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Going Solo: A Non-Traditional Retirement Savings Plan

Steven Rinn, CFP®

08/09/2021 — Download

Working for yourself can have its advantages. You decide when and how hard to work, and you get the business profits. And even though you don’t have access to an employer’s retirement plan, you have more control over what type of plan you can benefit from. This often means you can enhance your retirement savings and pay less tax.

Many small business owners, and in particular those without any employees, are unfamiliar with what their retirement plan options may be. And even those who are contributing to the most common plans for these types of small businesses — SEPs, SIMPLEs, Traditional IRAs — do not realize that there is another choice available: the ‘Solo K.’

Solo K is the name often used to refer to a 401(k) plan with one participant, usually the business owner. In most cases, it allows the business owner to save more for retirement than those other more common plans and to pay less tax.

For those under age 50, the maximum amount that can be contributed to a traditional IRA is $6,000 for 2021. If a SIMPLE IRA plan is in place, the maximum is $22,200. And if either a SEP or Solo K is used, the maximum is $58,000. But for the business owner with income of less than $290,000, the Solo K will allow for higher contributions than the SEP.

Here’s an example for a one-person business with an owner under age 50 and $100,000 income for the year:

  • If the owner has a traditional IRA, he or she may contribute up to $6,000. And this contribution may or may not be tax deductible.
  • If the business has a SIMPLE in place, the owner may contribute up to $16,500. This would be tax deductible.
  • If the business has a SEP in place, the owner may contribute up to about $20,000. This would be tax deductible.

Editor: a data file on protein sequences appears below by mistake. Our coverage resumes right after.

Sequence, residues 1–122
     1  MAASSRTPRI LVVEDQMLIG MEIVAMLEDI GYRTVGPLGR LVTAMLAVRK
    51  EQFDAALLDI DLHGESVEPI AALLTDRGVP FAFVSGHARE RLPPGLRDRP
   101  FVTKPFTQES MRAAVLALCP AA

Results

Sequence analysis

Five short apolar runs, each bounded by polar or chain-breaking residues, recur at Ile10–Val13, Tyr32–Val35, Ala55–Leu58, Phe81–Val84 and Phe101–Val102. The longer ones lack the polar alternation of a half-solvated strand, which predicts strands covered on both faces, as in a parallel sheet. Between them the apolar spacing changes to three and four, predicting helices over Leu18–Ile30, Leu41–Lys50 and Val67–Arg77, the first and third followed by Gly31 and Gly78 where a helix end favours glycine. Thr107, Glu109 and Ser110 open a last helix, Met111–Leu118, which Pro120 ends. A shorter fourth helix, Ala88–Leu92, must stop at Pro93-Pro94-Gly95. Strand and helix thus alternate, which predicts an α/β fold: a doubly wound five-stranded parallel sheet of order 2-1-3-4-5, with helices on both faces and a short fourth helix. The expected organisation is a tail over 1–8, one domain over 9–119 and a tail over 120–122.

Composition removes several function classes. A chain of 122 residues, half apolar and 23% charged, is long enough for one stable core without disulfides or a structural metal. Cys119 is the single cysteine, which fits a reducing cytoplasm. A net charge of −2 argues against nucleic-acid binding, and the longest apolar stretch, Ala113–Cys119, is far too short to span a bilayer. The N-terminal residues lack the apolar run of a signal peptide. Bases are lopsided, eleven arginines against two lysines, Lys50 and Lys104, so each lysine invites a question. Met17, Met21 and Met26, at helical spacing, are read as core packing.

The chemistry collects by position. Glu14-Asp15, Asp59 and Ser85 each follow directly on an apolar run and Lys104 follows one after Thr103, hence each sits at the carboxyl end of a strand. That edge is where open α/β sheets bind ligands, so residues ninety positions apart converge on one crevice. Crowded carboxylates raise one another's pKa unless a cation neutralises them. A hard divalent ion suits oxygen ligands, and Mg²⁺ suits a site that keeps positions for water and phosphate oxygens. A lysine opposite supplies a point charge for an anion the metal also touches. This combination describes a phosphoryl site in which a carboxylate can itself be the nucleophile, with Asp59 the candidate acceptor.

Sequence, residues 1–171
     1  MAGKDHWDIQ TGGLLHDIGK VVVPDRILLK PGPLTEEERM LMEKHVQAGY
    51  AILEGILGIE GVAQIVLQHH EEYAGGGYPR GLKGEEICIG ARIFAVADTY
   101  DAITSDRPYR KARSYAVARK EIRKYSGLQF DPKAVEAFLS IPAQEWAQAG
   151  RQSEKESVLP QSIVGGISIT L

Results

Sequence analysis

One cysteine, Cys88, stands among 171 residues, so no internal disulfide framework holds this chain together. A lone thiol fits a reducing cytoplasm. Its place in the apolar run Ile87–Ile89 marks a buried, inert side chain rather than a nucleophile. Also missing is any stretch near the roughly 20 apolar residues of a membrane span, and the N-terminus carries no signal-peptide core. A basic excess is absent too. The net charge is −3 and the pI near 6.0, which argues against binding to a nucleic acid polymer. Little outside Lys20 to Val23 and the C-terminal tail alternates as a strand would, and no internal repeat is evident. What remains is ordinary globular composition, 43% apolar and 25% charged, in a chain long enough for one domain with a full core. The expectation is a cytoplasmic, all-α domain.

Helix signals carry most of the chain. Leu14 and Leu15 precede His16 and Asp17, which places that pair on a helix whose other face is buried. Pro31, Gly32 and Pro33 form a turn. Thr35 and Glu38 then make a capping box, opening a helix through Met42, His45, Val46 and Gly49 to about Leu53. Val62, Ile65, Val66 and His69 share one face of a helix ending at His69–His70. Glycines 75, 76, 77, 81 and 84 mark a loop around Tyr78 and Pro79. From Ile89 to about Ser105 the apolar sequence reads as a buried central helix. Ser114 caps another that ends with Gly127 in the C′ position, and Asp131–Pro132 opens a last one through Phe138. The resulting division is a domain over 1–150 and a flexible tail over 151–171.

• But if there’s a Solo K, the owner can put away about $39,500 and deduct that from taxable income.
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    Given these various plan options, the myriad rules governing them, and the variety of individual circumstances among business owners, it’s critical that the financial advisor conduct a thorough analysis to determine what makes the most sense for the client and then clearly explain how the recommended plan works and why it’s optimal.


    The information included in this document is for general, informational purposes only. It does not contain any investment advice and does not address any individual facts and circumstances. As such, it cannot be relied on as providing any investment advice. If you would like investment advice regarding your specific facts and circumstances, please contact a qualified financial advisor.

    Any investment involves some degree of risk, and different types of investments involve varying degrees of risk, including loss of principal. It should not be assumed that future performance of any specific investment, strategy or allocation (including those recommended by HBKS® Wealth Advisors) will be profitable or equal the corresponding indicated or intended results or performance level(s). Past performance of any security, indices, strategy or allocation may not be indicative of future results.

    The historical and current information as to rules, laws, guidelines or benefits contained in this document is a summary of information obtained from or prepared by other sources. It has not been independently verified, but was obtained from sources believed to be reliable. HBKS® Wealth Advisors does not guarantee the accuracy of this information and does not assume liability for any errors in information obtained from or prepared by these other sources.

    HBKS® Wealth Advisors is not a legal or accounting firm, and does not render legal, accounting or tax advice. You should contact an attorney or CPA if you wish to receive legal, accounting or tax advice.

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